Prosecutors say they will 'reassess' position on Flynn sentencing after former partner's trial

Federal prosecutors on Wednesday expressed uncertainty at how the recent decision by the government to drop former national security adviser Michael Flynn as a trial witness against his former business partner should impact his sentence. 

Prosecutors in Washington, D.C., wrote in a new court filing that they plan to "reassess" their position on what sentence Flynn should receive after the trial of his onetime business partner Bijan Kian, also known as Bijan Rafiekian.

They noted the defense could still call Flynn as a witness at Kian's trial.


“At this time, the government cannot speculate on how specifically the aforementioned records will impact the government’s sentencing position in the proceedings before this Court,” prosecutors wrote.   

“Rafiekian could call the defendant to testify at trial. As a result, the government intends to reassess its sentencing position at the conclusion of that trial,” they wrote.  

Court filings unsealed Tuesday revealed that federal prosecutors do not plan to call Flynn as a witness at Kian's trial in the Eastern District of Virginia, which is slated to start July 15.  

The revelation marked a surprising reversal, and filings suggested that prosecutors made the decision after Flynn walked back some of his statements and because they no longer trusted him as a witness.

Flynn was widely expected to testify against Kian, his former business partner at the now-defunct Flynn Intel Group, who was indicted last December for illegally lobbying on behalf of the Turkish government.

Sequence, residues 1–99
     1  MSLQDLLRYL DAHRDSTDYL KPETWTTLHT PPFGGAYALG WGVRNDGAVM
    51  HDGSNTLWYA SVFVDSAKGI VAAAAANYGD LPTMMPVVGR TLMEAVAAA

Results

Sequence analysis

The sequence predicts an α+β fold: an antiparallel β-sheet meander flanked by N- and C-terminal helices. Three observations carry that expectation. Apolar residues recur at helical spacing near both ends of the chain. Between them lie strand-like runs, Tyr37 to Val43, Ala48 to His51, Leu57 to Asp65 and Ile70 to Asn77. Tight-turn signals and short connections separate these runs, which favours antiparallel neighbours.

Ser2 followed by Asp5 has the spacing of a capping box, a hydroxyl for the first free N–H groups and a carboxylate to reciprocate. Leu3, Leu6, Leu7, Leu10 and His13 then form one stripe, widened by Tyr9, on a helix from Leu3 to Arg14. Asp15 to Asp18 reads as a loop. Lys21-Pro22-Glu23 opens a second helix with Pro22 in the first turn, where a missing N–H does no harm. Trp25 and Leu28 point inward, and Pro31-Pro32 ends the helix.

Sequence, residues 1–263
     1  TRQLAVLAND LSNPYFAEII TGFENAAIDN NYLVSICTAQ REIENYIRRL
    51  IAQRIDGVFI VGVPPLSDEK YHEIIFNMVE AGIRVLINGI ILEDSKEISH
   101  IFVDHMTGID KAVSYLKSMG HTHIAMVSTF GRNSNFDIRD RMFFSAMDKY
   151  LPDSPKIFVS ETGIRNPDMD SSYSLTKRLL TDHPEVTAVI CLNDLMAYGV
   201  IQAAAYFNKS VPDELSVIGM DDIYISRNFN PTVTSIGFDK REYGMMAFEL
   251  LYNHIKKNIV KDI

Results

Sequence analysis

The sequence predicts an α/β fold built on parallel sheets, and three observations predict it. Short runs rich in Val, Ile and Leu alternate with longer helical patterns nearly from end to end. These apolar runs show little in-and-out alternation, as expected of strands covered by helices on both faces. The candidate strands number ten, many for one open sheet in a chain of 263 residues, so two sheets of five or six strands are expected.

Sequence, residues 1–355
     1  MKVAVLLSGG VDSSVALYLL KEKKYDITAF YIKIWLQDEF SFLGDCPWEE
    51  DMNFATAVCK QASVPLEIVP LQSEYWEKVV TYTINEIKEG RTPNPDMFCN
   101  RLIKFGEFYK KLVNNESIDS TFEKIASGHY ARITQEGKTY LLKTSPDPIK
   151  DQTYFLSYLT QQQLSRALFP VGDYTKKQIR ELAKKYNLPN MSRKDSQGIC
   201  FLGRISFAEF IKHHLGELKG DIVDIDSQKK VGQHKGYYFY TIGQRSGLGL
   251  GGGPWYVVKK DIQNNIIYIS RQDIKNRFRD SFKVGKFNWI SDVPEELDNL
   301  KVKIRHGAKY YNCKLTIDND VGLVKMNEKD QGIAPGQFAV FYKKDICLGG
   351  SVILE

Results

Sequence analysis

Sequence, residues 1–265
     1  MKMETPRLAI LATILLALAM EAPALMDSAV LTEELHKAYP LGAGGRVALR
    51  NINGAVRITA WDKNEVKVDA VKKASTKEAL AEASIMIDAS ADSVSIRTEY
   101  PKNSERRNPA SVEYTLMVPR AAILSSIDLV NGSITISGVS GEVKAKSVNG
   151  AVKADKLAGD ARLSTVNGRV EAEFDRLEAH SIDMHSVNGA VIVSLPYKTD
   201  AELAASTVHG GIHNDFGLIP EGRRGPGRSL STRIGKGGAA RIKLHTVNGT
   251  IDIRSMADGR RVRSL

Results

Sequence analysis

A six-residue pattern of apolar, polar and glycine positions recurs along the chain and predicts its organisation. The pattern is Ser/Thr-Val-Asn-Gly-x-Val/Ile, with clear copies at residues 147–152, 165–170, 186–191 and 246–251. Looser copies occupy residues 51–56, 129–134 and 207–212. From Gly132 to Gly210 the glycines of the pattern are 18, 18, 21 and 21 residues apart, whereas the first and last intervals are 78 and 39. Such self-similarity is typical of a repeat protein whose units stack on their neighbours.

Flynn pleaded guilty to lying about his contacts with the Russian ambassador to the U.S. as part of a deal to cooperate with former special counsel Robert MuellerRobert (Bob) Swan MuellerLewandowski says Mueller report was 'very clear' in proving 'there was no obstruction,' despite having 'never' read it Fox's Cavuto roasts Trump over criticism of network Mueller report fades from political conversation MORE in 2017.

While he was never charged in connection with the Turkey lobbying campaign, Flynn admitted to making false statements in Foreign Agents Registration Act filings as part of his plea deal to cooperate with the government.

Flynn abruptly delayed his sentencing in December after Judge Emmet Sullivan, an Obama appointee overseeing his case in D.C., harshly criticized Flynn for his crime. Flynn did so to complete his cooperation with the government, including presumably testifying at Kian’s trial.

The new developments could adversely impact Flynn’s efforts to get a probationary sentence. Mueller, citing his substantial assistance in the investigation, had recommended Flynn receive little to no jail time. Flynn's attorneys have recommended he receive probation. 

Prosecutors also indicated in the newly unsealed filings that they intend to designate Flynn as a co-conspirator in the case in order to introduce statements made by Flynn regarding the firm’s lobbying at Kian’s trial.

Flynn’s attorney Sidney Powell said Tuesday that her client is still cooperating with the government and criticized prosecutors for attempting to designate him as a co-conspirator.

“While Mr. Flynn does not dispute the government’s right to decide how to present its case and which witnesses to call, the government’s sudden decision to reverse its long-stated position that Mr. Flynn is its cooperating witness, and to turn him into an unindicted coconspirator, is extremely prejudicial to Mr. Flynn,” Flynn’s legal team wrote in a memo unsealed Tuesday. 

On Tuesday, Sullivan instructed government attorneys to file a submission by 5 p.m. Wednesday explaining how the developments would “impact” the proceedings in Washington, D.C.

Flynn’s attorneys are also required to submit their response by Thursday.